Chem. Senses 40: 7–16, 2015

doi:10.1093/chemse/bju052 Advance Access publication October 25, 2014

Identification and Functional Characterization of Sex Pheromone Receptors in the Common Cutworm (Spodoptera litura) Jin Zhang1,2, Shuwei Yan1,2, Yang Liu1, Emmanuelle Jacquin-Joly3, Shuanglin Dong2 1 and Guirong Wang 1

Correspondence to be sent to: Guirong Wang, State Key Laboratory for Biology of Plant Diseases and Insect Pests, Institute of Plant Protection, Chinese Academy of Agricultural Sciences, Beijing 100193, China. e-mail: [email protected] Accepted September 13, 2014

Abstract Male moths can finely discriminate the sex pheromone emitted by conspecific females from similar compounds. Pheromone receptors, expressed on the dendritic membrane of sensory neurons housed in the long trichoid sensilla of antennae, are thought to be associated with the pheromone reception. In this study, we identified and functionally characterized 4 pheromone receptors from the antennae of Spodoptera litura (Lepidoptera: Noctuidae). A tissue distribution analysis showed that the expression of the 4 SlituPRs was restricted to antennae. In addition, SlituOR6 and SlituOR13 were specifically expressed in male antennae whereas SlituOR11 and SlituOR16 were male-biased. Functional investigation by heterologous expression in Xenopus oocytes revealed that SlituOR6 was specifically tuned to the second major pheromone component, Z9,E12-14:OAc, SlituOR13 was equally tuned to Z9,E12-14:OAc and Z9-14:OAc, with a small response to the major pheromone component Z9,E11-14:OAc, SlituOR16 significantly responded to the behavioral antagonist Z9-14:OH, whereas SlituOR11 did not show response to any of the pheromone compounds tested in this study. Our results provide molecular data to better understand the mechanisms of sex pheromone detection in the moth S. litura and bring clues to investigate the evolution of the sexual communication channel in closely related species through comparison with previously reported pheromone receptors in other Spodoptera species. Key words: pheromone receptor, Spodoptera littoralis, Spodoptera litura, Xenopus oocytes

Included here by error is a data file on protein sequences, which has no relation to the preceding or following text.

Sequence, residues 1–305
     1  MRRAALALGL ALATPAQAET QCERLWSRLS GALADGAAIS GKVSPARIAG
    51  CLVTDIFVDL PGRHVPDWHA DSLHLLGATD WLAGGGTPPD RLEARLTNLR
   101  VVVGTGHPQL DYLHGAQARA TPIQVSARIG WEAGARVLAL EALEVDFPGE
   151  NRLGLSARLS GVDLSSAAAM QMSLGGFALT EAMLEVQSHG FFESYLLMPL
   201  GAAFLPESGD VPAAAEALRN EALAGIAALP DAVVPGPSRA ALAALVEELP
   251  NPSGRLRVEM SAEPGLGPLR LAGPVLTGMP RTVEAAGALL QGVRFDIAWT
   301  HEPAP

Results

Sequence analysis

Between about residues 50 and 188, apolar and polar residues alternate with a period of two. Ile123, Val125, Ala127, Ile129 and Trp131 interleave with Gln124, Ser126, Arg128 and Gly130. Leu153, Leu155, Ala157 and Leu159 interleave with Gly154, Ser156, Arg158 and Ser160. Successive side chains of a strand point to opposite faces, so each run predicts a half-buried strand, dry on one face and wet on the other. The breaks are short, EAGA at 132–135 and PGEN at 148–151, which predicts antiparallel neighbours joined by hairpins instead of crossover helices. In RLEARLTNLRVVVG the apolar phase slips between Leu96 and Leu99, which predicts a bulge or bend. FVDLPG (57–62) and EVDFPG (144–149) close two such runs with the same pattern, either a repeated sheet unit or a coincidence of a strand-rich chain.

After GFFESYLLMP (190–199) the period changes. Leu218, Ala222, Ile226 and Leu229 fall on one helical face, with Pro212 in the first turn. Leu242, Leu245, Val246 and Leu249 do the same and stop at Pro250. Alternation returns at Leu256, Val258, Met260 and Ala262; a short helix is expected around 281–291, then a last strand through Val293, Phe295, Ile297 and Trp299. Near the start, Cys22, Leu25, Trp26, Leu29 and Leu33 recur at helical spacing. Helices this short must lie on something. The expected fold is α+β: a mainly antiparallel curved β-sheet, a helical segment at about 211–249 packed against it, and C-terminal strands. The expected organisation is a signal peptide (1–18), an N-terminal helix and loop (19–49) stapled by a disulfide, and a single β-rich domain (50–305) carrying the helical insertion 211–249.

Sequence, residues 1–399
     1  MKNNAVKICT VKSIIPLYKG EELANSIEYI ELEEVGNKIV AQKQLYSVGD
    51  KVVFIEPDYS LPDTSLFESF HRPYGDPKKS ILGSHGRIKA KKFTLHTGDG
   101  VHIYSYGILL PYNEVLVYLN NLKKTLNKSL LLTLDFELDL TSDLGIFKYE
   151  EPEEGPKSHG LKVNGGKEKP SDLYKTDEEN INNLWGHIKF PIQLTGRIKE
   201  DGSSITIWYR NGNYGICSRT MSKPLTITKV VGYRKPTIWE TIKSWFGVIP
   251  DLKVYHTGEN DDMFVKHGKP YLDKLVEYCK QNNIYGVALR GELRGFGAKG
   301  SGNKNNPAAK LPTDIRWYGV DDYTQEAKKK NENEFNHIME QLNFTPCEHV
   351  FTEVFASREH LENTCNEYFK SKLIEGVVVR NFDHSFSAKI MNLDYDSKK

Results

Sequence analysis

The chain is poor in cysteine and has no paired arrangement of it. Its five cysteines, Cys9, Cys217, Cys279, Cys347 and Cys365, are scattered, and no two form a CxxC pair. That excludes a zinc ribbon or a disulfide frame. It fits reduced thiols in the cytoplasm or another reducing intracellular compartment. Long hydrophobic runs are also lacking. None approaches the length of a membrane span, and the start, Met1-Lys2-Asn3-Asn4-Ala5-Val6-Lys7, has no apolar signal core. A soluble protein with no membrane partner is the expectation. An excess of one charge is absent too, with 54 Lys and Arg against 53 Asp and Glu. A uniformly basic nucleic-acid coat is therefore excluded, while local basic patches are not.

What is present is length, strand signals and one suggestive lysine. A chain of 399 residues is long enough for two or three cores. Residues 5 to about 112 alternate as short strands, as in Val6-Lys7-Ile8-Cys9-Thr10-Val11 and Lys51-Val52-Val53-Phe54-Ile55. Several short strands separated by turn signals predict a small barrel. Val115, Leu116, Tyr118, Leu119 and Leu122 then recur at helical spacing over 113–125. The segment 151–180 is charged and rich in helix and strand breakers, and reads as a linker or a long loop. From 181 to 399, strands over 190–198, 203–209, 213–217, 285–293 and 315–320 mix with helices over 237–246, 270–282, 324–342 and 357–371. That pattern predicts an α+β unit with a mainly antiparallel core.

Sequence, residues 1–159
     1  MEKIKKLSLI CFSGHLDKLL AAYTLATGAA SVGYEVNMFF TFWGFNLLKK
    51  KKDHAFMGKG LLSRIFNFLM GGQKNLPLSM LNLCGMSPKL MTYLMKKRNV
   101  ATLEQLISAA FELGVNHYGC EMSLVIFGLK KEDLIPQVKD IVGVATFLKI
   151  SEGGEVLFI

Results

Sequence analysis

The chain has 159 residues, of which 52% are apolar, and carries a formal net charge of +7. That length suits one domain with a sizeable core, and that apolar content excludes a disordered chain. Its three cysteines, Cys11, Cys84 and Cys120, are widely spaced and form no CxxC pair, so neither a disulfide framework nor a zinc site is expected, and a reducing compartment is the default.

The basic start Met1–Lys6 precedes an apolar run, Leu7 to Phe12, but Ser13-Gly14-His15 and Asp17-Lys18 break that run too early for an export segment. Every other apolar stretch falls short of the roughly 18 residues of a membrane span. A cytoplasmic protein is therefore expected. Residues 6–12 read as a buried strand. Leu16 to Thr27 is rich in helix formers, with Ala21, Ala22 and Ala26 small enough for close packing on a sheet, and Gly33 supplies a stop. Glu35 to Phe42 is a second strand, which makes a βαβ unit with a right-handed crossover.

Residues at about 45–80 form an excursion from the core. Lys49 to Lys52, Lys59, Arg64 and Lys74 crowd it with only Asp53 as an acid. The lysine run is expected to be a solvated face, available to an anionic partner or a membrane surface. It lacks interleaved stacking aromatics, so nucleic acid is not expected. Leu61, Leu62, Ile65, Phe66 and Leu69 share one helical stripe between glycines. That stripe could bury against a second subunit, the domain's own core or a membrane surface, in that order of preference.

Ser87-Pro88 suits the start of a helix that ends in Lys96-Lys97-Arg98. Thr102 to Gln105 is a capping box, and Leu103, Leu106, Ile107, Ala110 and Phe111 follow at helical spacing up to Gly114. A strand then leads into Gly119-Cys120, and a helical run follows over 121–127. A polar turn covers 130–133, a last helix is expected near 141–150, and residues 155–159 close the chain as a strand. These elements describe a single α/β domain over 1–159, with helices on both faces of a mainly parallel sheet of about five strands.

Introduction The sense of smell plays a very important role for insect survival. Insects use their olfaction to find mates and food sources, locate oviposition site, and avoid enemies. Insects possess an acute and complex olfactory system to detect the volatile chemicals from the periphery where chemical messages are transformed into electrical signals, to the antennal lobes where information is integrated and sent to the brain, eventually generating a behavioral response (Leal 2013). Previous studies have shown that peripheral reception of semiochemicals involves several molecular components, including odorant-binding proteins (OBPs), chemosensory proteins, sensory neuron membrane proteins (SNMPs) and